MENA region—The prevalence of H. pylori infection among the countries of the MENA region varies widely ranging from 7–50% in young children and going up to 36.8–94% in adults [16]. Data about prevalence of H. pylori infection among the MENA region are summarized (Table 1).

3.2. Risk Factors for H. pylori Infection

The risk factors for H. pylori infection have been investigated in several countries of the MENA region. Age (>10 years), low socioeconomic status, low level of education, married participants, number of residents per household, bed sharing, drinking municipal or tank water, eating outside the home, living in rural areas, smoking, alcohol consumption, type 2 Diabetes Mellitus, chronically dyspeptic patients, eating raw vegetables or spicy food and having two affected parents were identified as risk factors in the majority of studies [17,28,31,34,35,38,39,40].
However, in a study conducted in Mecca, Khan et al. observed a negative correlation between the presence of antibodies for H. pylori and smoking in females (antibodies were detected in 8% and 91% of the smokers and non-smokers, respectively) [32]. Examining other risk factors, they did not find a significant association between infection and eating spicy food or drinking-water source. In the same study, they also examined a potential correlation between eating vegetables and infection but found no evidence. Indeed, this study should have considered the difference between raw and cooked vegetables, together with other dietary habits of the participants.
In another study, Bassily et al. found that a higher level of education was positively correlated with the risk of infection in mothers, even after adjusting for the age of the mother [19].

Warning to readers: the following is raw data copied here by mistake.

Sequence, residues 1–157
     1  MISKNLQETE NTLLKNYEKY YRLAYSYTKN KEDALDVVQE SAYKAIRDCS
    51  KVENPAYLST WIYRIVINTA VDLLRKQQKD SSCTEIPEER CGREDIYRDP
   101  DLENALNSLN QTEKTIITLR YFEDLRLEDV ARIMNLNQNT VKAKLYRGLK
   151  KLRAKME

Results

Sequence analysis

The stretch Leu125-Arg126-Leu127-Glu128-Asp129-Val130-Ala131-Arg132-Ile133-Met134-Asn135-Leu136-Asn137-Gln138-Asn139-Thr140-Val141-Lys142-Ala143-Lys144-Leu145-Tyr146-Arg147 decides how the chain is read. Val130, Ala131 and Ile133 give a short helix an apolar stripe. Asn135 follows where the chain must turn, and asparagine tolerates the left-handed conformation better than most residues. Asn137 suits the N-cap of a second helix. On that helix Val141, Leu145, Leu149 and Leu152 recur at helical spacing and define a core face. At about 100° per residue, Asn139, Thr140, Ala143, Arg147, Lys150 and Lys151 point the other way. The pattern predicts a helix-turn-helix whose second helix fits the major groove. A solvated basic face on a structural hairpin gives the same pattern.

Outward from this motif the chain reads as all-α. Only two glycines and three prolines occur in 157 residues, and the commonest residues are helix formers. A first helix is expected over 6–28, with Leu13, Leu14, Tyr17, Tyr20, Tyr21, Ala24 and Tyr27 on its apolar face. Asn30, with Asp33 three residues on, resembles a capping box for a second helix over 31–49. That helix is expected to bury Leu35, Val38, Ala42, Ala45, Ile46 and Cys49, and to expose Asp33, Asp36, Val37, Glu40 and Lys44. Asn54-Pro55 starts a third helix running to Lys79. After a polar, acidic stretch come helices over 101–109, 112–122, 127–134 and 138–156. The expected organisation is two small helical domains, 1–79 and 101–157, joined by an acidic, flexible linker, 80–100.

In a study conducted in Iran, the rate of infection increased with age and number of family members but was negatively correlated with the level of education and marital status [22].
Also in Mansour-Ghanaei et al. study, they established that there was no association between H. pylori infection and these and other factors, including living areas, level of education of the parents, and monthly income. [21].
While the majority of the studies included in this review did not find a significant relationship between gender and rate of infection, two studies by Soltani et al. [22] and Al-Balushi et al. [29] found that seropositivity was more widespread in male than in female participants.
Beyond general improvements in socio-economic status leading to improved health and lower H. pylori infection rates, specific local strategies are needed to further reduce the number of incident cases and deaths due to stomach cancer, and these should be tailored to each country’s risk factor profile. Targeting the risk factors that affect stomach cancer incidence and mortality (such as smoking and diet), in addition to country specific feasible and cost-effective interventions aimed at lowering H. pylori infection rates, early detection of suspected cases, and improved access to standard treatment facilities, can be among such strategies. By providing annual updates to regional and country-level stomach cancer estimates, future iterations of global burden of disease study will be useful for monitoring the success of such strategies [12].

3.3. Prevalence of H. pylori Genotypes and Their Correlation with Disease

Worldwide—In an extensive review aimed at studying the prevalence of H. pylory vacA alleles in 24 countries worldwide, Van Doorn et al. found that 89% of the strains were subtype s1a in Northern and Eastern Europe, whereas 89% were subtype s1b in Southwest Europe (Spain and Portugal) [41]. Moreover, subtypes s1a and s1b were equally prevalent in France and Italy, and nearly equally present in North America. Most of the s1 strains isolated in Middle and South America were subtype s1b, while 77% of the s1 isolates in East Asia were subtype s1c. While subtype m1 was most common in the Iberian Peninsula (86.2%), subtypes m1 and m2a were equally present across North and South America. Subtype m2b was only detected among s1c strains found in East Asia. Globally, cagA +/vacAs1 genotypes were associated with peptic ulcer disease. The presence of cagA was significantly associated with vacAs1, while vacAs1 was associated with vacAm2. Specific vacA subtype m alleles were also preferentially associated with certain diseases, with subtypes m1 and m2 more prevalent in carcinomas and peptic ulcers, respectively.